Chemical Hazards

When performing experiments, it may be necessary to use dangerous chemicals during certain processes. Whilst using hazardous chemicals is avoided where necessary, in some cases it is required, so in each case where this occurs the procedure must be executed in a fashion which is as safe as reasonably possible. Therefore standard protocols such as wearing protective clothing may be added to by performing experiments in fume hoods or other such devices to minimise any chance of contact via evaporation etc.

Mechanical Hazards

For this project, mechanical hazards pose the lowest probability of occurring out of the three and thus may be considered as the lowest risk group. However, there are hazards present which must be minimised. The predominant issue here is the use of the desktop centrifuge system, which poses considerable danger if a blowout occurs.

Concluding Comments

The safety of the team members, produced material and environment are key aspects to the smooth running of the project, and it must be ensured that adequate measures are in place to provide protection whilst following guidelines outlined in safety training. Current Good Laboratory Practice must also be in place throughout experimental procedures. By following guidelines and acting in an appropriate manner whilst in the laboratory, the general risk in terms of micro-biological, chemical and mechanical aspects will be reduced to a level which is as low as reasonably possible.

Due to the relatively small scale of the experiments performed, the quantities used of material is small, but still must be handled and respected properly at all times. Proper containment and labelling of materials in sealed containers is necessary, especially when of particular hazard such as live material or Ethidium Bromide. Flammability concerns are also present with alcohol and other flammable materials stored in the lab, although the volumes (generally less than 2L) are not considerably large enough, although should still be treater properly when used, with fire extinguishers available and also emergency exits present if required. Protective clothing also should be worn where appropriate to minimise the possibility of skin contact, with wash and first aid station available in key areas where allowable due to the area classification.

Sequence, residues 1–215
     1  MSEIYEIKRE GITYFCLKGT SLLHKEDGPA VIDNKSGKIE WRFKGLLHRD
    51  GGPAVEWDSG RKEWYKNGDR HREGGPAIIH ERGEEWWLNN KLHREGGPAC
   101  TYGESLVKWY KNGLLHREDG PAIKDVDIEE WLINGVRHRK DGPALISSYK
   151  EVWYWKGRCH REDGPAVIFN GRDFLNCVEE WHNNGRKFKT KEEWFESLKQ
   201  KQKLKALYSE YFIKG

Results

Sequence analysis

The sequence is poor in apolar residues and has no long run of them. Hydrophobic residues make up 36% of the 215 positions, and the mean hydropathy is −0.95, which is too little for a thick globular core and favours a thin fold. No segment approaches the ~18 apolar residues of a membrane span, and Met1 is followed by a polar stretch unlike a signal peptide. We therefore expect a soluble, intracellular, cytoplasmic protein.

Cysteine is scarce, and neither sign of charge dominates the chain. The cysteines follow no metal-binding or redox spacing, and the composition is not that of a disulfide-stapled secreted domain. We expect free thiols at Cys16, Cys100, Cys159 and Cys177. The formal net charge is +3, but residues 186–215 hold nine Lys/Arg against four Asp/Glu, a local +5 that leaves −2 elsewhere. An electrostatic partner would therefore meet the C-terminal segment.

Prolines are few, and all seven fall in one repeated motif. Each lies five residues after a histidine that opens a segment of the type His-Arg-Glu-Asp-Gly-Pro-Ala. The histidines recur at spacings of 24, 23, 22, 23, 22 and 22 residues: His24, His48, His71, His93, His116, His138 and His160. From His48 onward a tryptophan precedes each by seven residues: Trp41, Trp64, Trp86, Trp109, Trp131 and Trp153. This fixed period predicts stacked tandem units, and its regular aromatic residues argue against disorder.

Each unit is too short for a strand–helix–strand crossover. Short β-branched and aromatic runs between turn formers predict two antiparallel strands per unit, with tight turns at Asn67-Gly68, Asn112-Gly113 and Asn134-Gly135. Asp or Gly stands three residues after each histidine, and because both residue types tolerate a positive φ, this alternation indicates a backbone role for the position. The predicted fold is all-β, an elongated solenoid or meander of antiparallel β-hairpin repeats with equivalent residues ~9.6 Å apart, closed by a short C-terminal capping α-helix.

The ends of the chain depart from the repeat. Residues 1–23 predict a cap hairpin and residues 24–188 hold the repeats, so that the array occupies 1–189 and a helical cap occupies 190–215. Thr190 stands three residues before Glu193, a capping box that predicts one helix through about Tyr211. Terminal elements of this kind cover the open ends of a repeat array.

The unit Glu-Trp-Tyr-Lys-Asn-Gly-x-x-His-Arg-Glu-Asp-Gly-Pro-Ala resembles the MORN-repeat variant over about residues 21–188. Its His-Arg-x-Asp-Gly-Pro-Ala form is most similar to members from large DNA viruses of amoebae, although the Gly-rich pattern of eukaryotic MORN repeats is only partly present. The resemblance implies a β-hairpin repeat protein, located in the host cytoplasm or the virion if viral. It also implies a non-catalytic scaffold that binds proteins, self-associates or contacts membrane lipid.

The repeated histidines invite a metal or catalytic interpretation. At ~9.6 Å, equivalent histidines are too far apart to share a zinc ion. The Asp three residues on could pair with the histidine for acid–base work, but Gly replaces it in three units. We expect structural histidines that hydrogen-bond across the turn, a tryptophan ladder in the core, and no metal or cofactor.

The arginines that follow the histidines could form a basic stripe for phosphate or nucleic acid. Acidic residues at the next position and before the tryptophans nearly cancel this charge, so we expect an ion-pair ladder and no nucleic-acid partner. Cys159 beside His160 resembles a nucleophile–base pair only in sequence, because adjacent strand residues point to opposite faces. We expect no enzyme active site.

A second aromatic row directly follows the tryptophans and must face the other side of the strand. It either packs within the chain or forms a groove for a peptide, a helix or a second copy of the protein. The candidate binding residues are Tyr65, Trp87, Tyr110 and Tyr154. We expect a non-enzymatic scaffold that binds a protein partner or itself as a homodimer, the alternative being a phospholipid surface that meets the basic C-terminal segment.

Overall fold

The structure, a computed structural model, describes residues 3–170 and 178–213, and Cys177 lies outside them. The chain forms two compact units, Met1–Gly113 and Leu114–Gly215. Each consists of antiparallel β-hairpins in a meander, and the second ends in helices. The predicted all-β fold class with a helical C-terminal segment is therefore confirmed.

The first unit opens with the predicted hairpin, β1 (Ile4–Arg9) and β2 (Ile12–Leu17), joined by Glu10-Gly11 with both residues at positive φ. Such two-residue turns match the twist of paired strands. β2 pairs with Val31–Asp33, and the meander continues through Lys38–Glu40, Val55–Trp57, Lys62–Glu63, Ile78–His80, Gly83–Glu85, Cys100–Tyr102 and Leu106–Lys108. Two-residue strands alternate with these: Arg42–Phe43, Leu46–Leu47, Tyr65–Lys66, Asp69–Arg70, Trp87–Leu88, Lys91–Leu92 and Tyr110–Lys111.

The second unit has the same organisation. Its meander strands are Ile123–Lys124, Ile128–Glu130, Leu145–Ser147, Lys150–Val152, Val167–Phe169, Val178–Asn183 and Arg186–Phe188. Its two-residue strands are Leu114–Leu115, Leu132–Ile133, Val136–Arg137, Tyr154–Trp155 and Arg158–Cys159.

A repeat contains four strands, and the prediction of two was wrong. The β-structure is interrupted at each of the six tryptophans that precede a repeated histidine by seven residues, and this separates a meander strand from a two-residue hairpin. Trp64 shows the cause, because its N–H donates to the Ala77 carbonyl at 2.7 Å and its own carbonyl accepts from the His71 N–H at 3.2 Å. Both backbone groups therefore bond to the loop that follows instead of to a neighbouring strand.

The mechanical safety predominantly concerns the proper maintenance of the centrifuge system, which can cause a considerable risk if a failure occurs. Regular inspections should be made, with the centrifuge often restricted access when it was considered unfit for use. This room is also placed away from mammalian and bacterial processing centres. Prevention methods should also be in place such as emergency shut-off procedures.

By following all legislation and GLP requirements, the project may be performed in a safe and effective manner. Continual training and inspection of the facility will aid in ensuring safety levels are maintained, with review protocols in place to investigate any faults. Team members have been trained in general safety, with supervisors having first aid experience and training. These considerations combined will ensure the safety risk to the personnel; product and environment is as low as reasonably possible. For further reading, the Institute of Chemical Engineering (IChemE) has relevant information, as well as other safety guidance documents relating to the relevant country where the university is located.